Since it's an import I saw this one in 1998 and my movie years do not correspond well to the calendar ones, still a great movie all the same. Visually enchanting with a splendidly written dialogue - I caught myself thinking once or twice during the movie - "What a wonderfully insane script!" Having watched it twice in a row I got a thick Scottish accent as an added benefit. 10 out of 10 in my book.
Don't know about you, but i just loved the movie. It was very
interesting to discover Alan Rickman as a Director - and i wasn't
disappointed with the result in any way. First, the 'structure' of the
movie: tiny episodes from every plot line, their gentle crossing with
each other. Then, these plot lines themselves - i found them pictured
with more subtlety and tenderness than i had believed possible.
What struck me most was the teenage boys' behaviour. Or, to be more precise, the abrupt change in both of them - from cigarettes, swearing, and all this genitals-related speech to the sudden gentle manner when they find and adopt baby kittens. Is it how we grow up? Does it only take a helpless creature, who has nothing and no-one to depend on, to step towards maturity? Frances' (Emma Thompson) drama about her lost husband expresses silent grief, which is more felt than seen from her performance. Her mother Elspeth (Phyllida Law), adds even more emotion to it. While usual movies concentrate on showing the 'action', here the very sight of Elspeth's slow journey towards her daughter's house speaks volumes. What can we learn from her? That old age cannot be fought? Or, that the journey to another soul is long and winding? or both?..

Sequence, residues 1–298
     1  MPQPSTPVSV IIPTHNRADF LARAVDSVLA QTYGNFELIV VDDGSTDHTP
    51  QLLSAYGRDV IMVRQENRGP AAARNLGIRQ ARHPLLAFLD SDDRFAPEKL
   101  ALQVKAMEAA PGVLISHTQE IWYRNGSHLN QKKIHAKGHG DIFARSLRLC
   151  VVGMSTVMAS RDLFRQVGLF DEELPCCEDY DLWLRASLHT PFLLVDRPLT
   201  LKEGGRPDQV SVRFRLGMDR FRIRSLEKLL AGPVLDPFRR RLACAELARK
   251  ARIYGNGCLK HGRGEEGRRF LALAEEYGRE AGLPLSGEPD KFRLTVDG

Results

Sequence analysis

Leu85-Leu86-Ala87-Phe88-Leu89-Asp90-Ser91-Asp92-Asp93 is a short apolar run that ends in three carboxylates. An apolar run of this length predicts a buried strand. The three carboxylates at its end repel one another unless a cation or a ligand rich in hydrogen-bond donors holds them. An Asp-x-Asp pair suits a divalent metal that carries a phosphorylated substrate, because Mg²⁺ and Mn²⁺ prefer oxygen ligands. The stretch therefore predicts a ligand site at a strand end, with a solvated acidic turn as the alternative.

The other two plot lines are magnificent as well. I won't delve into every single moment that made me shudder, for everyone finds their own special episodes. What i can say is that the movie didn't leave any dazzling impressions. No vivid flashbacks. Only a feeling of winter silently creeping into our souls and staying there for long. Not the freezing, icy season. But the feeling of a thick blanket of snow. The thrill you get when you hear snow crackling beneath your feet. The strange yet peaceful emotion when witnessing the earth sleep.
Who is the winter guest? Alan Rickman has been asked about it in some interview. He said he didn't know it himself. It might be death, however. Who is the winter guest for every one of us? Death, which comes alien and unexpected. Winter, bringing sleep and slumber into our ordinary lives. Grief, which covers our hearts with ice. Life, which stirs beneath the layers of ice and snow. Different for each and every one. The movie is leaving much space to insert your own emotions and feelings. To accept your own, personal winter guest. I have learned to accept mine.